After becoming a Petroleum Engineer, a person can pursue optional certification through the Society of Petroleum Engineers, where he or she must be educated about petroleum and passing another test. They must have an undergraduate engineering degree in petroleum engineering or a related science, and at least four years of experience and training in engineering.
Finding a Job
Demand for Petroleum Engineers is increasing. The Bureau of Labor Statistics forecasts 10 percent growth for the position through 2024, amounting to a total of 1,200 openings for Petroleum Engineers during that period. The faster-than-average growth for the profession is being driven by the need for oil by companies or businesses.
Given this projected growth, aspiring Petroleum Engineers are likely to find many job opportunities at research institutions, at companies, and in undergraduate or graduate programs.
Any successful job search begins with crafting a high-quality resume that highlights your skills and experience. For guidance on creating a resume, take a look at JobHero’s library of Petroleum Engineers resume samples.
Once your resume is complete, search online for job opportunities. As you look for Petroleum Engineer openings, be sure to make the most of your professional network, including people you met in college or graduate school.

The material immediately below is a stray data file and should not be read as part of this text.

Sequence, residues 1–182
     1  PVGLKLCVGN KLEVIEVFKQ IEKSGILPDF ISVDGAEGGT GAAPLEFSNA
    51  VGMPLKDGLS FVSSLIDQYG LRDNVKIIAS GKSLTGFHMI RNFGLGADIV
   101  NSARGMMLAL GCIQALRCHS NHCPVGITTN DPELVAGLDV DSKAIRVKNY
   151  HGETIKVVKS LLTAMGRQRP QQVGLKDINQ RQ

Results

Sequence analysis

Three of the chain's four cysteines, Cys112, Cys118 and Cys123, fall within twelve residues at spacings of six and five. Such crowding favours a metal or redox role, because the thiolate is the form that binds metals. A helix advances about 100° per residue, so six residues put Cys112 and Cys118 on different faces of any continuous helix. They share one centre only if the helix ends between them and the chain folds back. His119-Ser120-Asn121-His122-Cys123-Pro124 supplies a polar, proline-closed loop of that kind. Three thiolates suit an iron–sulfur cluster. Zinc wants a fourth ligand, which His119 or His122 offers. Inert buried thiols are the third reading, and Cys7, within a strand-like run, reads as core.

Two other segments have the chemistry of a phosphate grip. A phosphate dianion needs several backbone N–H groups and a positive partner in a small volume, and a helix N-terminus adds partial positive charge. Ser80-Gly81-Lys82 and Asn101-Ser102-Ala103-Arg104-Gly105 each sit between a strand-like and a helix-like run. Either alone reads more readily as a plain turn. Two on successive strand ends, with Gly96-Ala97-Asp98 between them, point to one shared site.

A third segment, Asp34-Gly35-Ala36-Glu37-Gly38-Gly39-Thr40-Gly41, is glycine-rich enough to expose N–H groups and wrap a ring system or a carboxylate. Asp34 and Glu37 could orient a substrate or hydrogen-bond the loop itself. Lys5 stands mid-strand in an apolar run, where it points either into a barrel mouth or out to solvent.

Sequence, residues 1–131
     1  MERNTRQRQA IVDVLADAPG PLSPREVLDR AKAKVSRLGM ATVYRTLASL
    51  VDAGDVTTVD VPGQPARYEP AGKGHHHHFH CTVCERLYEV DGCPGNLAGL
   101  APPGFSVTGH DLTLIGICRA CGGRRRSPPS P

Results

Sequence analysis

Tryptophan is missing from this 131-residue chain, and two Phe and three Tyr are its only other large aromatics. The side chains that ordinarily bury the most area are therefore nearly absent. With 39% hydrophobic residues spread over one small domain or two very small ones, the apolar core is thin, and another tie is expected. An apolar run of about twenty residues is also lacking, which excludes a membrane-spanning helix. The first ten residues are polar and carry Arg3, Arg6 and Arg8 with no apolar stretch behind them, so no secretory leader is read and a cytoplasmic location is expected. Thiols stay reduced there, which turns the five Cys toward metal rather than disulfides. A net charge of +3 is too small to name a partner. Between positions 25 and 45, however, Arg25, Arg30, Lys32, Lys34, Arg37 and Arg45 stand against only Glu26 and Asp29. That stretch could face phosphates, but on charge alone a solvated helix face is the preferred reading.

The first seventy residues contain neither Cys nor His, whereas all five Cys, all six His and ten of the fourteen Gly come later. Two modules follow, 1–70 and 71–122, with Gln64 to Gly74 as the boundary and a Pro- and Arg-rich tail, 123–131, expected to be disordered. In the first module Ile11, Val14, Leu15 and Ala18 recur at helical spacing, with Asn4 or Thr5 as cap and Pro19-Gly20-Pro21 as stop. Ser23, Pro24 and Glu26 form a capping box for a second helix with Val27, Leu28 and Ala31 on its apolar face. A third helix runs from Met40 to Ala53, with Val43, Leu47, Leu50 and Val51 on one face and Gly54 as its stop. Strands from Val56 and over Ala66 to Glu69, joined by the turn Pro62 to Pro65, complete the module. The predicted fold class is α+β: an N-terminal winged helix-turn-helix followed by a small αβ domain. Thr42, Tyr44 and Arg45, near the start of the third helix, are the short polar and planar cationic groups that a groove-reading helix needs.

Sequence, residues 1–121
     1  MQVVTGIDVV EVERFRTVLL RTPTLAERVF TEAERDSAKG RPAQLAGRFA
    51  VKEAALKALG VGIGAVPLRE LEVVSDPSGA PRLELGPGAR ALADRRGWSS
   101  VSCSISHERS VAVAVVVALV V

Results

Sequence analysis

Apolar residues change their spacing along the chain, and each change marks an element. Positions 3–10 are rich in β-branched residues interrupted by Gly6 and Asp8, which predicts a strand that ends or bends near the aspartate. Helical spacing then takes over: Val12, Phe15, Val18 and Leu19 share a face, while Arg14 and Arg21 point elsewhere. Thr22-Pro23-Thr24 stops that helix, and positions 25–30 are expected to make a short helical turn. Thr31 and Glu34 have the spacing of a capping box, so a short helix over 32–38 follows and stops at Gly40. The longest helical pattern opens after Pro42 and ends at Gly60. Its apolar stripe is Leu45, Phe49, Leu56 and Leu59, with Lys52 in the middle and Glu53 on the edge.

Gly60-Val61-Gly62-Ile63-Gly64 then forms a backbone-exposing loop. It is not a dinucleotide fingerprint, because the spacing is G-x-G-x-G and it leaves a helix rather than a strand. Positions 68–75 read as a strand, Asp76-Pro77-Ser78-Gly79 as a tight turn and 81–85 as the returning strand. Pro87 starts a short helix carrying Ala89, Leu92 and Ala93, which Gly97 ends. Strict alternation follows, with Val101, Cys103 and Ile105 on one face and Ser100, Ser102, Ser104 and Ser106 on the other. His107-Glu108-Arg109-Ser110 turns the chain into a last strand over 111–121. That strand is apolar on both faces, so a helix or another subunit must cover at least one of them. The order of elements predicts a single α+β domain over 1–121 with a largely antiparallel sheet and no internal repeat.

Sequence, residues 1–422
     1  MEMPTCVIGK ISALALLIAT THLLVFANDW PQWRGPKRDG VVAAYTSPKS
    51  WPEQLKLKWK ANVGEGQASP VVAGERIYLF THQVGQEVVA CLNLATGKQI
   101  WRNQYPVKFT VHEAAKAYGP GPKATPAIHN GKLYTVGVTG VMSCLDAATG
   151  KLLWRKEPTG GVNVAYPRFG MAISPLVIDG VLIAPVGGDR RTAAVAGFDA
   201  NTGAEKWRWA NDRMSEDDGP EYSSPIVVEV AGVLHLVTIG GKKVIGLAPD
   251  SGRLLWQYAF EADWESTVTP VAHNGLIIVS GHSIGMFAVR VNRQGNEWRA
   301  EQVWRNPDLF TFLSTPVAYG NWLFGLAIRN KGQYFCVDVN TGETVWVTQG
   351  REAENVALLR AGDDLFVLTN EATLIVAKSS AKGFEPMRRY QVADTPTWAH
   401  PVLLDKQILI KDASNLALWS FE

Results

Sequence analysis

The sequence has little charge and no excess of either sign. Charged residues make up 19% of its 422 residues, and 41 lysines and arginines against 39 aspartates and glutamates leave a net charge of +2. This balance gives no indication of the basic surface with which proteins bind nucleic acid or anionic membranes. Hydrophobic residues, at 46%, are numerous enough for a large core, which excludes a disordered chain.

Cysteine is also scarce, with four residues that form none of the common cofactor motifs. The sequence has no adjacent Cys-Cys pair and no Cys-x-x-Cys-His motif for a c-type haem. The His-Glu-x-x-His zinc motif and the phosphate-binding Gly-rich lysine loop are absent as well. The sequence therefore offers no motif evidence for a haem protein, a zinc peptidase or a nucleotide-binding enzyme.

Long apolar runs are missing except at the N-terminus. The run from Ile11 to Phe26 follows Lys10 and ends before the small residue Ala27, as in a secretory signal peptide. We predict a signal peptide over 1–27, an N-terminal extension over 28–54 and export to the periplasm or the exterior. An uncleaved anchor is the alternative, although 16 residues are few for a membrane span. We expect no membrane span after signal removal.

When applying for jobs, write a cover letter that expresses your interest in the position and highlights your qualifications and what you would bring to the role. Take a look at a our cover letter samples for help.
Insights from a Petroleum Engineer
In order to get an inside look at how to become a Petroleum Engineer, we talked to Islin Munisteri, principal Petroleum Reservoir Engineer at Islin Ventures LLC. Here’s what she had to tell us.
What should someone consider before becoming a Petroleum Engineer?
Are you ready to stomach the risk associated with the job? Are you prepared to be unemployed some years of your career? This is high risk, high reward. Manage your personal risk and uncertainty appropriately when looking at becoming a Petroleum Engineer.
What type of person excels in this job?